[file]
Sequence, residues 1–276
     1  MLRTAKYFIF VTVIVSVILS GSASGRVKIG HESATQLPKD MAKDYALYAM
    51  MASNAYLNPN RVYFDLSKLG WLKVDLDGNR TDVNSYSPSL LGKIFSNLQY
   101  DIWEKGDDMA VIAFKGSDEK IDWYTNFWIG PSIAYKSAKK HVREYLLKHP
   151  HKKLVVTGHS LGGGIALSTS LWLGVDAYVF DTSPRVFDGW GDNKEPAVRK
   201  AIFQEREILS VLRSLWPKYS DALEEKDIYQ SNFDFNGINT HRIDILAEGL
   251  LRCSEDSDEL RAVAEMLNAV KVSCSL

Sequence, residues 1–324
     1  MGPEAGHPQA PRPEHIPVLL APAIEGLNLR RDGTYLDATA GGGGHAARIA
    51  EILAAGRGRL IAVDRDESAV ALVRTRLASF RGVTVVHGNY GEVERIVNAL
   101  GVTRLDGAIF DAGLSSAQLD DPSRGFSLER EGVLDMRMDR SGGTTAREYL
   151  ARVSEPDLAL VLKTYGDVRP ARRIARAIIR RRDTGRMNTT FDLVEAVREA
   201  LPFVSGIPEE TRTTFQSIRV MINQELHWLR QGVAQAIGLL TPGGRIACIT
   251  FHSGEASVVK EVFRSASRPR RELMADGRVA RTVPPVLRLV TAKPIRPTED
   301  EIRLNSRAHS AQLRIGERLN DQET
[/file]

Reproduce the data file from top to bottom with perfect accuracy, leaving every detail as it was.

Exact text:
Sequence, residues 1–276
     1  MLRTAKYFIF VTVIVSVILS GSASGRVKIG HESATQLPKD MAKDYALYAM
    51  MASNAYLNPN RVYFDLSKLG WLKVDLDGNR TDVNSYSPSL LGKIFSNLQY
   101  DIWEKGDDMA VIAFKGSDEK IDWYTNFWIG PSIAYKSAKK HVREYLLKHP
   151  HKKLVVTGHS LGGGIALSTS LWLGVDAYVF DTSPRVFDGW GDNKEPAVRK
   201  AIFQEREILS VLRSLWPKYS DALEEKDIYQ SNFDFNGINT HRIDILAEGL
   251  LRCSEDSDEL RAVAEMLNAV KVSCSL

Sequence, residues 1–324
     1  MGPEAGHPQA PRPEHIPVLL APAIEGLNLR RDGTYLDATA GGGGHAARIA
    51  EILAAGRGRL IAVDRDESAV ALVRTRLASF RGVTVVHGNY GEVERIVNAL
   101  GVTRLDGAIF DAGLSSAQLD DPSRGFSLER EGVLDMRMDR SGGTTAREYL
   151  ARVSEPDLAL VLKTYGDVRP ARRIARAIIR RRDTGRMNTT FDLVEAVREA
   201  LPFVSGIPEE TRTTFQSIRV MINQELHWLR QGVAQAIGLL TPGGRIACIT
   251  FHSGEASVVK EVFRSASRPR RELMADGRVA RTVPPVLRLV TAKPIRPTED
   301  EIRLNSRAHS AQLRIGERLN DQET